Bruno VeSota’s AIP production is quite obviously heftily inspired by (house nemesis) Robert A. Heinlein’s The Puppet Masters, though it lacks the time for the author’s rambling nonsense philosophizing, and was made a good ten years too early get something out of the nudist aspects of the novel. To make up for it, the film uses state of the art needle drop technology to get itself a soundtrack made out of classical music, as happened quite often in AIP films of this era.
That the film is also heavily inspired by a lot of the other secret invasion movies of its time and place hardly needs to be mentioned. It was a natural expression of the anxieties of its time and place, giving expression to the fear of communism and the narrow-minded fear of anything and anyone different that made the 50s such a special time in the USA (and here in Germany too, for that matter).
The Brain Eaters isn’t on the level – neither in quality nor in ambiguity – of a film like Don Siegel’s Invasion of the Bodysnatchers, of course. It does however make quite a lot out of its especially impoverished means. Sure, the acting is mostly pretty dire, with Nelson and sometimes Factor as the only exceptions to the rule, and VeSota’s direction is often quite crude. The latter is at least often crude in an interesting way, trying to build a bit of an atmosphere of menace and dread out of Dutch angles, uncomfortable close-ups and adorable little parasites (how could I not love those pipe filler antennae?). It’s sort of successful at that, even, building up to a climax that’s weird and archetypal enough to be memorable.
Of course, VeSota has to take short cuts that need a viewer patient with some of the problems typical of shoe-string budget films of its time and place, where there’s just no money available to show some rather important plot developments and narration has to jump in, and where more narration steps in to tell us the things we already see. I’ve seen worse examples of the latter phenomenon, though, and for most of the time, the film’s ambitions aren’t completely outside its grasp.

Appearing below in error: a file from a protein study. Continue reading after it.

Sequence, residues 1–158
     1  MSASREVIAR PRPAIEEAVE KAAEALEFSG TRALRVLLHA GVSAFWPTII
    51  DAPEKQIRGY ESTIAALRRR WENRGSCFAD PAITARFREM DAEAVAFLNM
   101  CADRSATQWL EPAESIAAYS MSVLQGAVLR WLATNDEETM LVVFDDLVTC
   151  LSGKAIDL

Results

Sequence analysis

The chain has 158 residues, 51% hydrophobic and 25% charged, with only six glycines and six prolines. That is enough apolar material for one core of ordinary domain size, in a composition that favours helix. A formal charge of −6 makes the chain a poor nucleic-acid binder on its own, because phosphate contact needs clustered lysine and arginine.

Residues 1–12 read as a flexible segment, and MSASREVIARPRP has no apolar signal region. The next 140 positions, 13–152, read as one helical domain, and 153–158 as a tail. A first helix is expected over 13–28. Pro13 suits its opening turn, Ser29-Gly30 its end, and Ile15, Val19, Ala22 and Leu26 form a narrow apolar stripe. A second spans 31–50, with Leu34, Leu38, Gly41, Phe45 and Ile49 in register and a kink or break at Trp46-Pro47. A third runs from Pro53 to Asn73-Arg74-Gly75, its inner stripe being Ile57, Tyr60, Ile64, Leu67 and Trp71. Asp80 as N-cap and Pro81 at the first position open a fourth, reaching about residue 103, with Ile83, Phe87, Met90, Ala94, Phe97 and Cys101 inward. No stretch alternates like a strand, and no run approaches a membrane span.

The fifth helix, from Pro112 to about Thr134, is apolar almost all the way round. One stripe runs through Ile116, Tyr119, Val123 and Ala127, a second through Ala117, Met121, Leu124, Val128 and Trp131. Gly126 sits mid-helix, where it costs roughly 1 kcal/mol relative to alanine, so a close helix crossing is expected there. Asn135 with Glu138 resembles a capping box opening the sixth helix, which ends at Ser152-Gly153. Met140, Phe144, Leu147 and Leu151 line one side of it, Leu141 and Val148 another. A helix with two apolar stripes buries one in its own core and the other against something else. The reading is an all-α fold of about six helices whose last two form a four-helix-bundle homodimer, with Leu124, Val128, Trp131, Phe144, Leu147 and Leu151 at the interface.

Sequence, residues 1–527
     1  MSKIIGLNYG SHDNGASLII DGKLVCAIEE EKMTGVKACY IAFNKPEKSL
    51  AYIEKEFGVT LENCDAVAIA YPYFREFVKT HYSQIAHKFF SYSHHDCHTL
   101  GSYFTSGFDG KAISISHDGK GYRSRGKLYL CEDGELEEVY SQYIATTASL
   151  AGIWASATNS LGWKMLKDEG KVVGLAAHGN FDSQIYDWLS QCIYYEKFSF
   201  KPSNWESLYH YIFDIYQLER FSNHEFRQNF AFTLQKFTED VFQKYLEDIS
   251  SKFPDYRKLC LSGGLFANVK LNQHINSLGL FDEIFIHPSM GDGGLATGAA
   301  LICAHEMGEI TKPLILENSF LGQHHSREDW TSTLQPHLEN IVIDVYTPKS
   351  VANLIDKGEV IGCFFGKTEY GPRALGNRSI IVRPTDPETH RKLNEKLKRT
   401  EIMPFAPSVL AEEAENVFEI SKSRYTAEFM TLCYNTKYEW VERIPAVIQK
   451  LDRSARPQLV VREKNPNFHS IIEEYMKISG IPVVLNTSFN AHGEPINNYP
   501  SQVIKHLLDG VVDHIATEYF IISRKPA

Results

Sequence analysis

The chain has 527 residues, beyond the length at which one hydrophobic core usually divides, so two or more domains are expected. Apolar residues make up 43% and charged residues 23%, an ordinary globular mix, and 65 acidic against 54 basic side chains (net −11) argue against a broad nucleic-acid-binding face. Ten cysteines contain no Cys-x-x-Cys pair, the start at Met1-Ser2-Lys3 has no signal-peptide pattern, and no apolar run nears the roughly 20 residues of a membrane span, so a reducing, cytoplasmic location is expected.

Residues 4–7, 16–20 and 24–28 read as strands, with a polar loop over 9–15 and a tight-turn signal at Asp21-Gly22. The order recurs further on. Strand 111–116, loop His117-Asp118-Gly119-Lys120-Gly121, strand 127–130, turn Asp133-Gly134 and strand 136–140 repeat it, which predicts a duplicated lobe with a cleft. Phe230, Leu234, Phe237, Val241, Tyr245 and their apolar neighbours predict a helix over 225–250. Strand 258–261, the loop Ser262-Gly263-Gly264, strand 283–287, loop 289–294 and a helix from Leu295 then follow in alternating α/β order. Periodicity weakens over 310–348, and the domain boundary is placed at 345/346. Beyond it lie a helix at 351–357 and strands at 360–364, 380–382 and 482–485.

This all might sound as if I were damning The Brain Eaters with faint praise when in fact I did enjoy myself immensely when watching it. Sure, I’ve seen 50s paranoia done more subtle as well as more cinematically interesting, but VeSota’s film not only has a handful of effective moments but manages to be comparatively fast-moving and fun in between these moments too. From time to time, it even hits on a bit more, like in the scene in which the town’s sheriff fights against the parasite sitting on his back (one of the few moments in SF/horror cinema of the era I know that’s actually interested in how the victim of a mind-controlling parasite must feel). That’s much more than anyone could ever expect from this kind of drive-in quickie, so I find myself quite taken with The Brain Eaters.